If your goal is to celebrate without completely abandoning your regimen, I’ve got six simple strategies for staying on track so you won’t have to dig yourself out of a hole come January 1st:

1. Get the worm. 

Figuratively, that is. Being at the mercy of friends’ and family’s schedules isn’t always conducive to regular workouts, so force yourself to develop a healthy morning routine. Prioritize exercise, and not only will you be more likely to get it done, but you’ll also reap the benefits of extra energy throughout the day.

2. “Run” your errands.

Or walk them. Or park farther away. Or take the stairs. Or lap the mall. However you do it, the idea is the same: Incorporate some additional activity into your to-do list to kill two birds with one stone.

3. Ditch the all-or-nothing attitude. 

I used to think I needed an entire hour in order for a workout to count, but that led to too many skipped sessions during the holiday time crunch. So now I take a different approach: Commit to just 10 minutes of cardio or one mile on the treadmill, and then reassess. If you’re still not feeling it, then stop, but there’s a good chance you’ll keep going once you get some momentum.

4. Make it a family affair. 

There’s no need to sequester yourself in order to break a sweat; instead, make a new tradition of embracing the great outdoors together. Whether it’s ice skating, snow shoveling, sledding or a snowball fight, the whole family can get in on the action. And give each other the gift of a healthy habit in the process.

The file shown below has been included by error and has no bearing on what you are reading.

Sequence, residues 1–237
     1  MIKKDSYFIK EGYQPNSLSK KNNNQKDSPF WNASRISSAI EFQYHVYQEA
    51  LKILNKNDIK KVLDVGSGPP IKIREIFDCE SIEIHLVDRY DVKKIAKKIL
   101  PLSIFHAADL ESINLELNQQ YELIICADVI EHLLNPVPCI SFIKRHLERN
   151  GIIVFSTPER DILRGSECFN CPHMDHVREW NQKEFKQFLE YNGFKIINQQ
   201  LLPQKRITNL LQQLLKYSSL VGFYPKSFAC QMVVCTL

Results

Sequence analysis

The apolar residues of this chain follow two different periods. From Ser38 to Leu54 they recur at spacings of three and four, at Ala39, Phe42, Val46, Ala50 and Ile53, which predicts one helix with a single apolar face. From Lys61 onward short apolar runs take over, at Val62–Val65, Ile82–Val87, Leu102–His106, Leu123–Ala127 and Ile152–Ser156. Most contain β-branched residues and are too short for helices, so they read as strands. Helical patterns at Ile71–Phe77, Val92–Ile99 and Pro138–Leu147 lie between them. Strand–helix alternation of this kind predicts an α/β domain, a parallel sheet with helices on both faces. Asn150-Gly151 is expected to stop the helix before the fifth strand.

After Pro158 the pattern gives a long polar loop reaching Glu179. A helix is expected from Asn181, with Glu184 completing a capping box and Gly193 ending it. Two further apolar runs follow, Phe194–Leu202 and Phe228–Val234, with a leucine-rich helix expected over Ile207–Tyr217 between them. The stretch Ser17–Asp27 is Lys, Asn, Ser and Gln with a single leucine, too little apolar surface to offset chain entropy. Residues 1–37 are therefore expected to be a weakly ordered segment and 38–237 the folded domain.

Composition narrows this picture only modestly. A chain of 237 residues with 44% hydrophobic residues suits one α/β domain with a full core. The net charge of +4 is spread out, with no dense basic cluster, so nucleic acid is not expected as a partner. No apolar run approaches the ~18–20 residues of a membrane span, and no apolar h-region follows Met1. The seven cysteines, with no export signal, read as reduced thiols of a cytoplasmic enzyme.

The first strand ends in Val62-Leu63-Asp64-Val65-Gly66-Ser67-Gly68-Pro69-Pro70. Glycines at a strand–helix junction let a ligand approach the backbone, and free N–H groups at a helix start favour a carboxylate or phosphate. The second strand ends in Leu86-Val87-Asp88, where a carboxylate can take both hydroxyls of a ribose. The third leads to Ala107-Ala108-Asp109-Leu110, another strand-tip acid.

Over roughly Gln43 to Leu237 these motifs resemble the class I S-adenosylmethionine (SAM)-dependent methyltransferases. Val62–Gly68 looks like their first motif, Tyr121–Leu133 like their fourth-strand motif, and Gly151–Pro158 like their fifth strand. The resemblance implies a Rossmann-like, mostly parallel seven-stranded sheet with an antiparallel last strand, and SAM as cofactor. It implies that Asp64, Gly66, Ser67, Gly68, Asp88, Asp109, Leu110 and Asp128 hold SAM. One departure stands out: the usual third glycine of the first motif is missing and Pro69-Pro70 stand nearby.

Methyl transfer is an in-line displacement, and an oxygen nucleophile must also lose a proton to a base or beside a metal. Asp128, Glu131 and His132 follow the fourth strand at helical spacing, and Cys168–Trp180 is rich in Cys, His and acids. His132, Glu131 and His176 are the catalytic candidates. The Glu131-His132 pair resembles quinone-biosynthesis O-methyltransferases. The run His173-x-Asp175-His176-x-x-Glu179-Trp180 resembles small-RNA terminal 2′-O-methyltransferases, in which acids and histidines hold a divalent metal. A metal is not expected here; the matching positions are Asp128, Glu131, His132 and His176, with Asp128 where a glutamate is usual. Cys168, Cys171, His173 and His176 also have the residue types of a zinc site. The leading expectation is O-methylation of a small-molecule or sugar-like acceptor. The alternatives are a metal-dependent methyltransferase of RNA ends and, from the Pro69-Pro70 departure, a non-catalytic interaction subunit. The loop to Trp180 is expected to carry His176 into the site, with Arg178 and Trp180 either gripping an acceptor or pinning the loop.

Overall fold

5. Embrace bribery. 

Sometimes I’ll end my long run at the coffee shop or inspire myself to hit the gym by testing a new piece of gear. The trick is to find out what motivates you, and use that in your favor. Numbers-driven? Try hitting a daily pedometer goal. Competitive? Challenge a friend to a 30-day fitness routine. Bored? Commit to trying something new each day between now and the New Year.

6. Book a race. 

If you’re a regular reader here, this last one shouldn’t come as a surprise to you…because it’s my solution to almost everything. Not only can a holiday-themed race help keep you on your toes, cardio-wise, this time of year, but there’s also no better way to kick off the New Year than with a January race.

And when all else fails, there’s always another of my favorite holiday workouts…

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Happy, healthy holidays!

Dad Knows Best: Must-have advice for life…and working out

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Happy Father’s Day to dads everywhere!

Moms may have gotten nominated as having the #WorldsToughestJob, but dads don’t necessarily have it easy either.

So listen up, and heed all those words of wisdom from over the years…if not for life, at least for your next workout or race. You can thank him later.

“Use common sense.”

Pause, even if just for a second. Think before you act, and respond rather than react.

Common sense is a biggie with my dad, and taking a moment to think something through — whether it’s a project at work, a plan with a friend or a race-day strategy — can help you avoid costly mistakes and missteps.

“Money doesn’t grow on trees.”

Sad, but true — which is why it’s important to prioritize and spend resources (time, money, energy) on what’s most important to you.

At first glance, it may seem limiting. But, in fact, it can be freeing to focus on quality over quantity, be it trips, toys or even race entries.

“Just try your best.”

You don’t really know what you’re capable of until you try. And in the grand scheme of things, as long as you know you gave it your all you can — and should — be proud.

In fact, there’s a great running quote about this that I love: “Dead Last Finish is greater than Did Not Finish, which trumps Did Not Start.”

“Actions speak louder than words.”

Another quote to consider: “There are wish bones, jaw bones and back bones. Those who dream about doing things, those who talk about doing things, and those who actually accomplish things.”

Don’t waste a bunch of time talking about things. Just. Do. It. (Thanks, Nike!)

“Eat your vegetables.”

A side effect of growing older (and smarter)? Coming to the realization that sometimes what’s best for us isn’t always the easiest or most appealing option (at least at first).